type specimen poster

March 11, 2014

GILL SANS Type Specimen Poster :: Thumbnail Sketches

So I was able to complete 20 of the assigned 24 poster thumbnails. I thought I had run out of ideas by the 4th one, but somehow I kept going, but  As anyone who has done any reading on the origins and application of the Gill Sans typeface and its creator Eric Gill knows, most of my designs relate directly to both the typeface in its various usages and/or the typographer and his curious background.

Where the typeface compositions relied heavily on the font design itself, I tried to use the most unique characters of the set, in particular the  quirky “serifs” of the lowercase “g” and lowercase “a”, and the ultra clean lines of the uppercase “G” and lowercase “i”, and “l” (pages 1 and 2).

In other thumbnails, I alluded to the usage of Gill Sans as the typeface of Britain and British infrastructure; the map of England, letterforms inside squares as reminiscent of the BBC logo (page 1 thumbnails),  the reversible arrows that are part of the British National Railways signage, the forced perspective railroad tracks (page 2 thumbnails), the signage arrow, and railroad tracks and tunnel (page 3 thumbnails).

Finally, I took a few frames to refer to Eric Gill the man, one who had a more than questionable personal life. “Pervert”, the Hound of St. Dominick (he was reportedly pretty horrible with his dog) (page 1), “sTraNgE” (page 2), Man vs. Art , and “deviant” (page 3), all call in to question the actions of a great designer who matched his talent with his notoriety.

poster specimen thumbnails p1 of 3(PDF)

poster specimen thumbnails p2 of 3(PDF)

poster specimen thumbnails p2 of 3(PDF)

March 19, 2014


Here are the first drafts of my selected typeface poster, in 2 color combinations. Honestly, while going through the Pantone swatch list, there were a dozen I could have picked from, and that would have been just to match the “gold” color of the torch flame and some text. While looking at my hound, I was reminded of old Toulouse-Latrec posters, especially in the shape of the flames. I decided to go ahead and outline some of the elements, 1928, “SANS” and the torch to run with that cartoonish stylization of the shapes and letterforms. I’d like to go in and clip some text into the flames in a slightly varied shade of the gold, perhaps to give them a flickering appearance. After struggling with InDesign to get the copy I created to flow properly inside the flame shape, I think I’m going to work it out in Illustrator and try to import the finished element into the InDesign document. Well see how that goes in the next draft.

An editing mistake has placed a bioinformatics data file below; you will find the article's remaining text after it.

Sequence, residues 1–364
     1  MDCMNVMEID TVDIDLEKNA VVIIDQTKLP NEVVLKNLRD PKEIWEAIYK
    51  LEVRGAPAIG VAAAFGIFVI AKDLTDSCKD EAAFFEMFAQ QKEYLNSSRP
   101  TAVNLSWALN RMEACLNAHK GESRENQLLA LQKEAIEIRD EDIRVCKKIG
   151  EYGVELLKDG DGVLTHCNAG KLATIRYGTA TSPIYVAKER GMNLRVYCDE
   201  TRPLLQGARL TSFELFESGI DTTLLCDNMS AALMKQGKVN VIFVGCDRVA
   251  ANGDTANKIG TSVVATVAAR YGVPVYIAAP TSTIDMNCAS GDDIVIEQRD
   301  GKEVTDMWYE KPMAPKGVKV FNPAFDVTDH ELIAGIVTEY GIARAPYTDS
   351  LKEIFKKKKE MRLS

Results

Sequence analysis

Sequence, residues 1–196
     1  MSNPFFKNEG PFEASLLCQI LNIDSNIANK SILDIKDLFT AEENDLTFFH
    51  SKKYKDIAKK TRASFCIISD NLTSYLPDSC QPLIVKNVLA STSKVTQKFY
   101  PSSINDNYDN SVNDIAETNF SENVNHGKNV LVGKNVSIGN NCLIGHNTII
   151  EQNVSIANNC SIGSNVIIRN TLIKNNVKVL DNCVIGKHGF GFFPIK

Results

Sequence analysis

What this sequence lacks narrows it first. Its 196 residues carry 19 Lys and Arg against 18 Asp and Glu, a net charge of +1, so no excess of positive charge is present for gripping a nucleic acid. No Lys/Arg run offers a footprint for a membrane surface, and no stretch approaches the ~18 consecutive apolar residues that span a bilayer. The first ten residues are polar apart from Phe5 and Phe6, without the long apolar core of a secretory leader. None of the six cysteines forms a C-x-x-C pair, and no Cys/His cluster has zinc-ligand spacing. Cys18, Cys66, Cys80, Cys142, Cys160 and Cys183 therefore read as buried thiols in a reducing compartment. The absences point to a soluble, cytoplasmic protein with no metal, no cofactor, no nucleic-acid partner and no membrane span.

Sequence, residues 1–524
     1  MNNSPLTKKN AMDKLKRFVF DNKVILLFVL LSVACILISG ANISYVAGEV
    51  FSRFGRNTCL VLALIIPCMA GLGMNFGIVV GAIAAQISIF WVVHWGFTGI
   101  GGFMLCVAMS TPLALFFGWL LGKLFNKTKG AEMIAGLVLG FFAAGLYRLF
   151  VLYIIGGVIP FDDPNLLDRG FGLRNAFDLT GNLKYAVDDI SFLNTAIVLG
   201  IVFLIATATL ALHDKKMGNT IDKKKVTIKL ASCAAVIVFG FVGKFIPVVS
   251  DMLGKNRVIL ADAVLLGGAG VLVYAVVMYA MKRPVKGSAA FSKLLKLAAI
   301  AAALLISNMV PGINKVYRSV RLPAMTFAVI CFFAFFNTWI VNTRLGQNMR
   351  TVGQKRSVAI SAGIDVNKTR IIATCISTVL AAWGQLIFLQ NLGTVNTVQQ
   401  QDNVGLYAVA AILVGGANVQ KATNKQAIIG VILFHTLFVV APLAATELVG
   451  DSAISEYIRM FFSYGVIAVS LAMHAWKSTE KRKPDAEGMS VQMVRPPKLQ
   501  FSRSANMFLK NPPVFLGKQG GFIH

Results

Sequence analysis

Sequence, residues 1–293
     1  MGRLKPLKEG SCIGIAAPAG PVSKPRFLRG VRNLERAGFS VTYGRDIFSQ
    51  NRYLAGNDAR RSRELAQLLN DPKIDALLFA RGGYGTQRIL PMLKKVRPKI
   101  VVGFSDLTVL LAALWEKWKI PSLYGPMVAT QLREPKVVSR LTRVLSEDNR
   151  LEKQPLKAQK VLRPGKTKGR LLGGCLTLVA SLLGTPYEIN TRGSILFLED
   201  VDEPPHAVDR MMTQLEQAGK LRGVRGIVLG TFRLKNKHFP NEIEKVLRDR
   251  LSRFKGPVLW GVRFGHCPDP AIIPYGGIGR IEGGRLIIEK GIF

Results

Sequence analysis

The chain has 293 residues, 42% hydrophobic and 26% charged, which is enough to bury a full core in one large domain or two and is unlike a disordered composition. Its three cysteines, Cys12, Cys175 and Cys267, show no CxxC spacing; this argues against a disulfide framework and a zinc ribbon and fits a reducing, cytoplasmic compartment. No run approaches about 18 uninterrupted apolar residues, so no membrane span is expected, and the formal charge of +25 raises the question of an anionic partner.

Gill Sans Hound_04(Analagous Color) PDF

Gill Sans Hound_03(Complimentary Color) PDF

Below are an assortment of other color combos that appealed to me, which I fell into after initially starting with a British Racing Green background and red flame, 1928 and SANS and thinking perhaps that was too predictable….

March 21, 2014


Second draft of specimen poster. I’ve added the inscribed lines of the original Hound of St. Dominic Drawing by Eric Gill. I’m using gold 3 pt. lines to hold their place, then replacing with threaded text, using key phrases from my research text. I’ve also added text to the flame image, which I will replace with a proper clipping path in illustrator and import (hopefully!) as well as larger letterforms to make more of a “text cloud” inside the flame path, with the letters randomly placed, sized and rotated rather than in paragraph form. Still experimenting with the reduced opacity background text, but I’m thinking that letting it bleed off the edges of the page will help it look more like a subtle background pattern, though I’ll still need to play with tracking, kerning and leading.

Also need to go into my PDF settings to see why my PDFs are opening so dark!

Gill Sans Hound_06



March 24, 2014


So after some feedback from my professor, I’ve gone in a new direction with the type specimen poster. As far as the new composition, I’ve tried to better address a more graphic treatment of the type specimens used. I have to admit I hit a wall after the last draft, and was having a hard time coming up with modifications that I could really get behind. The Greek vase idea was the concept that seemed to be sticking, but I was concerned about making an already static composition turn completely frozen. There was nothing else to do but sleep on it for a bit.

With a fresh start I decided to go big with the dog. The reason for including the dog anyway, besides the fact that the image was the printers’ mark for Gill’s typographers’ Guild, was the fact of Gill’s alleged bestiality with his household pet. By cropping the dog across its face I took away its identity as man’s best friend, leaving only the body of the beast. The flames, however, break the color block in an attempt to be freed from the captive borders.